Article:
Philosophy: Introduction A
Life, Death & Morality
"Abortion is impermissible, because it deprives a being of a future like ours. Accordingly, it is morally similar to killing a healthy adult." Critically discuss this argument, drawing upon at least one of the authors we have looked at in the readings.
This essay looks at the morality of abortion by using the theories of Don Marquis, Judith Thomson, Peter Singer and Mary Anne Warren to assert my opinion that the crux of the abortion debate is dictated by distinctions in development of personhood, and that as such I can conclude that abortion is morally impermissible except in extreme circumstances. I will do this through both supportive arguments provided by these authors, and counter-arguments to unsuccessful elements of alternate theories.
To understand this argument we should first look at the overall moral theory that it is wrong to kill humans - this premise is agreed on by an overwhelming majority of people.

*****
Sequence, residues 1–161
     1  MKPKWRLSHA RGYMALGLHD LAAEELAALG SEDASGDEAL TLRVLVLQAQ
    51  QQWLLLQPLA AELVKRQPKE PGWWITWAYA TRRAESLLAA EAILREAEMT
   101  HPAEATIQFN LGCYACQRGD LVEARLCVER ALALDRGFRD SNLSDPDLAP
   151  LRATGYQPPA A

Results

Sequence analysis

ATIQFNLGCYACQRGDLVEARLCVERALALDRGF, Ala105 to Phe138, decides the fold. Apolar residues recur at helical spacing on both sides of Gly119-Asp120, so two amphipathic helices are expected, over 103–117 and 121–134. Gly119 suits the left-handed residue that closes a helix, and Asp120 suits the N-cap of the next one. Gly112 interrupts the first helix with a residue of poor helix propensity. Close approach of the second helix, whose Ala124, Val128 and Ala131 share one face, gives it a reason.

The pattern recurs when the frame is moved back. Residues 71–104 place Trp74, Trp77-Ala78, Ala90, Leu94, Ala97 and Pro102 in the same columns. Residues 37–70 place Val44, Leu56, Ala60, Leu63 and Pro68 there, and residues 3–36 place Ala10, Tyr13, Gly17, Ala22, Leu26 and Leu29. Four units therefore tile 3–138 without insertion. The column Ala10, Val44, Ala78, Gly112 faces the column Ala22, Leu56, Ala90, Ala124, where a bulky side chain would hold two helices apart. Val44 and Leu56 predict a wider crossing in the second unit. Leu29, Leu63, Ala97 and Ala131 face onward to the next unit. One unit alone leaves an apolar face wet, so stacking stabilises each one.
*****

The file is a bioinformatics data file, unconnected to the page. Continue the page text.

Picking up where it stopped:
This is because a human is seen to qualify as a person - a being that "can think of itself as itself, the same thinking thing, in different times and places" (John Locke). Don Marquis illustrates that "what primarily makes killing wrong is Ã¢ÂÂ¦ its effect on the victim" and that "the loss of one's life is one of the greatest losses one can suffer"1 because a loss of life involves the loss of all experience and enjoyments that would have constituted the victim's future. This is similar to a utilitarian argument - that killing a person a) decreases happiness/utility by the death of a person and/or b) that the killing of a person thwarts their future preferences. At this point, we can realise that this debate centres on the question of whether human foetuses are persons are...